"The area is tense from a recent killing, so we believe that the boys were met with gunfire when they entered the community with the strange vehicle," an officer at the Half-Way Tree Police Station surmised. The police took them both to the Kingston Public Hospital, where they were treated and arrested for larceny of motor vehicle.

Convener of Hear The Children’s Cry, Betty-Ann Blaine, says that she recognises the behaviour of street children as bordering on delinquency, and has experienced their lawlessness first hand.

Verbal abuse

"I’ve been a victim of verbal abuse, I’ve been a victim of my car being damaged by some of these boys. There are organisations such as Children First, operated by Claudette Pious, the YMCA, and the Possibility programme, which the St. Andrew Care Centre operates, but much more needs to be done," says Blaine.

Pious says Children First has augmented its initiatives with the street children to include locating and eliminating the push factors that introduce them to street life. "What we do is look for the push factors – where they are coming from, who they live with. We institute both preventative and rehabilitative methods in a holistic way, and we are seeing success," she says.

Rehabilitation

"Rehabilitation is equipping these kids with a career skill such as barbering, photography and cosmetology, so instead of becoming monsters, they have the self-reliance and confidence to uplift themselves. In our preventative measures, we go into the homes and communities where these streets kids are coming from and try to empower the parents of kids with skills so they don’t push their children to street hustling," Pious added.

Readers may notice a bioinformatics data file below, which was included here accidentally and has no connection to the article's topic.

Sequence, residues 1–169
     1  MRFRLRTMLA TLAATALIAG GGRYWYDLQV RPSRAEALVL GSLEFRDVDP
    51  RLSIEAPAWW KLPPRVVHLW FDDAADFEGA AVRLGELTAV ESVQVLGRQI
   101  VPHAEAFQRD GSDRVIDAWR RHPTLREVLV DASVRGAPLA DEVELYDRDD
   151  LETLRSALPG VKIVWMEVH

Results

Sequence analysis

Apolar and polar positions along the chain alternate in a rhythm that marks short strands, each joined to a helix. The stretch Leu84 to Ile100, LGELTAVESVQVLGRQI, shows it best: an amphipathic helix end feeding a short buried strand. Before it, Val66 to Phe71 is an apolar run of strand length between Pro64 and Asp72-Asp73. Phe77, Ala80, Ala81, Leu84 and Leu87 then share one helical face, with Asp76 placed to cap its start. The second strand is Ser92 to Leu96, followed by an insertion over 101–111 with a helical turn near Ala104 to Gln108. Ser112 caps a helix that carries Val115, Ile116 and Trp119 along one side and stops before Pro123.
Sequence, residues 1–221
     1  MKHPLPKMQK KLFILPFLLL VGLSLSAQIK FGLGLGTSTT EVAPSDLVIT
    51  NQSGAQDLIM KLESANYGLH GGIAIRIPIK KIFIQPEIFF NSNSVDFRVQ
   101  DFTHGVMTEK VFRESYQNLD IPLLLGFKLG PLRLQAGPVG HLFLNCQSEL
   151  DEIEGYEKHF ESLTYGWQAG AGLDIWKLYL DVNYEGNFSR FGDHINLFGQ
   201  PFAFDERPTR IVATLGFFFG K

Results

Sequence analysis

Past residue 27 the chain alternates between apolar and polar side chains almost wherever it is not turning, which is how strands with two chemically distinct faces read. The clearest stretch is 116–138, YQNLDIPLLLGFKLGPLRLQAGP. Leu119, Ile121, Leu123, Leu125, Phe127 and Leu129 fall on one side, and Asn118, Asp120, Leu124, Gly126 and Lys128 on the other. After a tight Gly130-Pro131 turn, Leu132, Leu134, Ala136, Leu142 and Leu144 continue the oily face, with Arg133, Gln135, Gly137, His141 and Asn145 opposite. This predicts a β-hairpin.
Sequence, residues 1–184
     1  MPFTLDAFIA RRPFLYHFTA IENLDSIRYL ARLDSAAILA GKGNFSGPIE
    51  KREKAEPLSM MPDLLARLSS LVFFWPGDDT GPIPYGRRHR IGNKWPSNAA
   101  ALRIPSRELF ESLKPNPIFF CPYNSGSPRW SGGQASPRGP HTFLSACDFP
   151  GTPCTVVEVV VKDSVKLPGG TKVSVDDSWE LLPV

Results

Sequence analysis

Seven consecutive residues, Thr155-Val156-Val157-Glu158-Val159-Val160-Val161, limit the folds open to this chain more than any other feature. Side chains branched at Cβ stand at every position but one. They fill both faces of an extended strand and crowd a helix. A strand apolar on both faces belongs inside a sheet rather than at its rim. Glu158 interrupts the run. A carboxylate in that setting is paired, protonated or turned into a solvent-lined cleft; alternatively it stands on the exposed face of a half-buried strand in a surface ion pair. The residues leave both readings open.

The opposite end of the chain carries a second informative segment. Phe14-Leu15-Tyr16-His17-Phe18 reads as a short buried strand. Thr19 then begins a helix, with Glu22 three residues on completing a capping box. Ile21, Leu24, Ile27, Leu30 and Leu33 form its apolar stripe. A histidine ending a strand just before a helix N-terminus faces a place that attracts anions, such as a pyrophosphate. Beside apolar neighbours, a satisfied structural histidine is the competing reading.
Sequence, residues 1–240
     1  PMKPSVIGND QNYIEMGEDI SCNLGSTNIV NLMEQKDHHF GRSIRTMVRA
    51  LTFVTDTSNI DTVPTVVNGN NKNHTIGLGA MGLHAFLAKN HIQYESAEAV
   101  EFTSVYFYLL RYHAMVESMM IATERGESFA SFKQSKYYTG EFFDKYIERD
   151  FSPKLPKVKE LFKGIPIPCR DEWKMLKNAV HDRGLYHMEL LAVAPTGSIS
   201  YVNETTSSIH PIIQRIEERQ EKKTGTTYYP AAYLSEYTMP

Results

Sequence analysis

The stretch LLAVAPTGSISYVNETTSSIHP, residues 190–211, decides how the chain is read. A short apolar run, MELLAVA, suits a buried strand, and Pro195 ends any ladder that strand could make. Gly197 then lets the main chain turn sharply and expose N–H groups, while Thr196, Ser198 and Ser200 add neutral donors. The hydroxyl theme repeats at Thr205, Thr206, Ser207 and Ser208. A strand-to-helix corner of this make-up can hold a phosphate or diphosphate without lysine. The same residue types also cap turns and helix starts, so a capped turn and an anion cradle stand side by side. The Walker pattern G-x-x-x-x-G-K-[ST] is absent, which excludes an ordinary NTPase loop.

The Half-Way Tree police say they will also be taking proactive measures to stem the trend of street boys being used as criminal pawns, by levying criminal charges on the parents.

Detective Levy says: "These boys are buying bullets with your loose change and are recruiting more and more young persons without sources of income, so we are now going after the parents of these juveniles, levying charges of child neglect wherever applicable, and the child will be taken off the streets so as not to be used as criminals."

But top cop for the St. Andrew South division, Superintendent Derrick ‘Cowboy’ Knight, says that he will be trying what he describes as a passive and possibly more effective approach to combat the issue of street boys entering crime.

"About six years ago, SSP (Senior Superintendent) Powell, then head of the Newport West Police Station, teamed up with a teacher to create an education and feeding programme that saw success. I am now in dialogue with that said teacher to reinstitute this initiative, as well as NGOs, PMI and the wharf to get this under way," he says.